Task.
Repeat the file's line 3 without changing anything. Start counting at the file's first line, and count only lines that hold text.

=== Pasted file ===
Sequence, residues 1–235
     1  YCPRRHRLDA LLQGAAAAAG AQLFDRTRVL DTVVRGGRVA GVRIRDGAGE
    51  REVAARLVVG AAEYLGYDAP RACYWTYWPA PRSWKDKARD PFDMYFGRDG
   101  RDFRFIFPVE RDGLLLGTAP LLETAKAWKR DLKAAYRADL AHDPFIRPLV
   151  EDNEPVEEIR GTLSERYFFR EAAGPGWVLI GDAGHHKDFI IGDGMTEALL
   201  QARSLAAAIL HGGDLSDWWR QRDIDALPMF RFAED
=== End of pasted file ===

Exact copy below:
    51  REVAARLVVG AAEYLGYDAP RACYWTYWPA PRSWKDKARD PFDMYFGRDG